News Releases and Op-Eds
Finlayson Op-Ed: Too little investment puts BC economy at risk (Troy Media)
Economists have long worried about Canada’s sluggish productivity growth and the seemingly ever-widening gap with the United States on this key indicator of economic well-being. It is widely recognized that the problem stems in large part from relatively low levels of investment in Canada, particularly in certain types of assets that are strongly associated with productivity improvements in modern economies – machinery, plant, equipment, software, and digital and other advanced and process technologies. A decline in capital spending on physical infrastructure as a share of gross domestic product over the past few decades is another aspect of Canada’s broader investment shortfall. In addition, Canada also underperforms the United States (and many other wealthy economies) when it comes investment in less tangible forms of capital, such as skills training and business research and development.
A recent paper from the C.D. Howe Institute provides an updated picture of the Canada-U.S. investment gap and summarizes trends in capital spending across the provinces. It shows British Columbia lagging the Canadian average and woefully trailing the United States in the amount of investment per worker. Of interest, the C.D. Howe Institute study does not count investment in the housing stock. B.C., not surprisingly, channels lots of capital toward the housing sector, but unfortunately this kind of investment doesn’t really help to build a more productive or competitive economy.
Over the period 2008-12, the value of investment per worker in Canada averaged less than three-quarters of the U.S. amount, with the figure projected to decline to 71 per cent in 2014. British Columbia fares worse, averaging just two-thirds of the U.S. benchmark for investment per worker over 2008-12, and slipping below 60 per cent of the American level by 2014. It should be noted that B.C.’s investment performance improved following the adoption of the Harmonized Sales Tax in 2010; but as many economists predicted, the climate for business investment deteriorated once the HST was replaced by the provincial sales tax, which imposes more than $1 billion of additional costs on companies producing goods and services in B.C.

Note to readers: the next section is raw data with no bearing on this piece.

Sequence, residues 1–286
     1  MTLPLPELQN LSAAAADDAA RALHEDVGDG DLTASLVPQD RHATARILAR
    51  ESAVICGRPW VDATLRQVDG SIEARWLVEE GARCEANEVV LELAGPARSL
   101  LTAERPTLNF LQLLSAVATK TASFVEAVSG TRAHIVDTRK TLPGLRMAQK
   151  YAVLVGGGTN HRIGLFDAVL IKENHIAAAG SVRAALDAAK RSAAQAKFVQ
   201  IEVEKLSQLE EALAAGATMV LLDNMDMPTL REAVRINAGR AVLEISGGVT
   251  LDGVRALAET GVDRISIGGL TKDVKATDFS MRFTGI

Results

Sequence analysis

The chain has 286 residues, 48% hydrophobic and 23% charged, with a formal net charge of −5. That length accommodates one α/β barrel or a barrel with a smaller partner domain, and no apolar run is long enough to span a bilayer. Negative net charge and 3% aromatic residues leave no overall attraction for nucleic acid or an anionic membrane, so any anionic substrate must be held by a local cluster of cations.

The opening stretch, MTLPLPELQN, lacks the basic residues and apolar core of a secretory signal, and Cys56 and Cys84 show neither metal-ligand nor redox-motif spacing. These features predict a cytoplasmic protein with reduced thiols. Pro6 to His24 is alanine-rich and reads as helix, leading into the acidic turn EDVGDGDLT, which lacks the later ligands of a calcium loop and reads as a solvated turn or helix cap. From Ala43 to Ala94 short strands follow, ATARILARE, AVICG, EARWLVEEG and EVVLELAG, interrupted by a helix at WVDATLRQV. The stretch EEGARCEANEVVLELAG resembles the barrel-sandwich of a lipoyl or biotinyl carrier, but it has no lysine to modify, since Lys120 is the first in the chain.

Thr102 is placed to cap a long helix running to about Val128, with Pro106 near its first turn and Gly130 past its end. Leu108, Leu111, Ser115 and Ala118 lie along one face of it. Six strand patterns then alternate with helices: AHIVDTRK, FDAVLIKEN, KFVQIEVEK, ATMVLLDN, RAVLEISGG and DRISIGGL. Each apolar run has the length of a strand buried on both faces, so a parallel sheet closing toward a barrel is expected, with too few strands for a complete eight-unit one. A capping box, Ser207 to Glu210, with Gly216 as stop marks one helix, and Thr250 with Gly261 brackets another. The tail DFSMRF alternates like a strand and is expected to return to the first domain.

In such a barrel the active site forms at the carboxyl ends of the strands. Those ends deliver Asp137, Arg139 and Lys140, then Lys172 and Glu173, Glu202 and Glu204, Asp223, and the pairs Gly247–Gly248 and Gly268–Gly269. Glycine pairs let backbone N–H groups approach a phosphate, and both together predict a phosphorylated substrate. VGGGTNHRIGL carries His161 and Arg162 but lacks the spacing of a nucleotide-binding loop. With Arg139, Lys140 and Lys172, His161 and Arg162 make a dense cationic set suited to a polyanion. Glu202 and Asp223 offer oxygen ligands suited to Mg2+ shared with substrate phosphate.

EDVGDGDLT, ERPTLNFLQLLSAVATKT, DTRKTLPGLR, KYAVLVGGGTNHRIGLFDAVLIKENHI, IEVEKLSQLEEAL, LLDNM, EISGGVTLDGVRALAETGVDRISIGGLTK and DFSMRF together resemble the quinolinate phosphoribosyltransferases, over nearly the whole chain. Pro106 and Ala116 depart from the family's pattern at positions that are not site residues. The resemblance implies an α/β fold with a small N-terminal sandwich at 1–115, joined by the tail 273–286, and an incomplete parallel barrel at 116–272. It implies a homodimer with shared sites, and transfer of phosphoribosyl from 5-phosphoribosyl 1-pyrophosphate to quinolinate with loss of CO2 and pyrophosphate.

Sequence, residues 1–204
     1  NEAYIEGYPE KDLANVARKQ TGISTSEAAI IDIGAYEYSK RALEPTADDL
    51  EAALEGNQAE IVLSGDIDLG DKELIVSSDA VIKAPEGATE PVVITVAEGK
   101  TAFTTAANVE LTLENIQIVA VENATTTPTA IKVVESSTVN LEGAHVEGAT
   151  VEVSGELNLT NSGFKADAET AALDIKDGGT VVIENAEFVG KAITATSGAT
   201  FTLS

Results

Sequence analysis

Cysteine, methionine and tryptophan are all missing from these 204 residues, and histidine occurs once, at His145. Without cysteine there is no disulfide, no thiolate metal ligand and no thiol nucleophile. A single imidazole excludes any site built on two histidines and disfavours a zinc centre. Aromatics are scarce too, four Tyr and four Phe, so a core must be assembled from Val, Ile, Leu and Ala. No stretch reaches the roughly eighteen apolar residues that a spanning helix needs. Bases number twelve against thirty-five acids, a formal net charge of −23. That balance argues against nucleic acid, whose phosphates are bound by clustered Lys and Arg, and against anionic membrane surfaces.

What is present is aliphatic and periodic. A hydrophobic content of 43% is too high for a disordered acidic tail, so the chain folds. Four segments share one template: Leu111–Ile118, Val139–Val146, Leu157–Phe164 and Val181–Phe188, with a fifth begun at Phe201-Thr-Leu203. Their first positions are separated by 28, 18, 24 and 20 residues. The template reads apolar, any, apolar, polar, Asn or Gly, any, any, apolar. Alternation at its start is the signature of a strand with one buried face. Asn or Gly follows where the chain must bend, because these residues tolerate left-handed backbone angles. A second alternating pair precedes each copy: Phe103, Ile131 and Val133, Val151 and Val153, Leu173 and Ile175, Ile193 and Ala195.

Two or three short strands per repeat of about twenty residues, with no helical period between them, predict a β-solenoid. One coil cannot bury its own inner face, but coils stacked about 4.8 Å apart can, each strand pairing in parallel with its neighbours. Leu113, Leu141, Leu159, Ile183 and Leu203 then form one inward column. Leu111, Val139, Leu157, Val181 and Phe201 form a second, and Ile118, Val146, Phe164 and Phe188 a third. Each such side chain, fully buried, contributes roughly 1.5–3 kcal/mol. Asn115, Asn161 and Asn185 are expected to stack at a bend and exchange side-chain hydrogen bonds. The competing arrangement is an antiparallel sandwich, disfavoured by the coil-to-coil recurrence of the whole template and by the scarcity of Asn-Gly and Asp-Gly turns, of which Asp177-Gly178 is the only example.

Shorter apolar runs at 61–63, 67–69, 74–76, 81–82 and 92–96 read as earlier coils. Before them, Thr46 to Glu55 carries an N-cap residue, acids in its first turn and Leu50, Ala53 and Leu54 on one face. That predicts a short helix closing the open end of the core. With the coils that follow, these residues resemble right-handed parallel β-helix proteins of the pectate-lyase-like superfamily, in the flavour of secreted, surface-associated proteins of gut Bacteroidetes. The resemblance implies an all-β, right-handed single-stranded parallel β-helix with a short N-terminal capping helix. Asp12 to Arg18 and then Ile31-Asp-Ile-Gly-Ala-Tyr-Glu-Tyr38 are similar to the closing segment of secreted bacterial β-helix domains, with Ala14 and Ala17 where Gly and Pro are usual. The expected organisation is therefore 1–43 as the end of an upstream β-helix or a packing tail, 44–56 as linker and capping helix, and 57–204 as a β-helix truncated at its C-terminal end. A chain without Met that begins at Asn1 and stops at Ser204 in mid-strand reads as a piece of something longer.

A continuing pattern of low investment in new machinery, plant, equipment, and advanced process technologies compared to the United States and some other affluent countries means that Canada, including B.C., will find it difficult to boost productivity and real wages over time. As the C.D. Howe Institute authors observe, “Business investment is critical to economic growth. Capital spending produces the new tools that workers use on the job, the structures they work in, and the engineering infrastructure that makes them more productive.”
The decline in investment per worker in British Columbia in the past few years is a troubling development, one that signals an overall erosion of the province’s competitive position in a North American context. Put simply, B.C. seems to have become a less attractive location for many companies to deploy capital, compared to some other provinces and many American states. Unfortunately, the provincial budget unveiled by Finance Minister Mike de Jong on February 17 won’t do much to improve the situation, as contains little in the way of new measures designed to stimulate greater private sector capital spending.
Policymakers in the province and in the major municipal governments in B.C. need to step up efforts to pinpoint and address the factors that may be holding back investment spending – in existing businesses, as well as in newer “greenfield” projects. They should start by frankly acknowledging the problem, and then look for ways to make the province a more desirable location in which to place capital. Above all, B.C. needs more investment in industries that produce the tradable goods and services which small jurisdictions ultimately must rely on to drive long-term growth in both real incomes and high-paying jobs.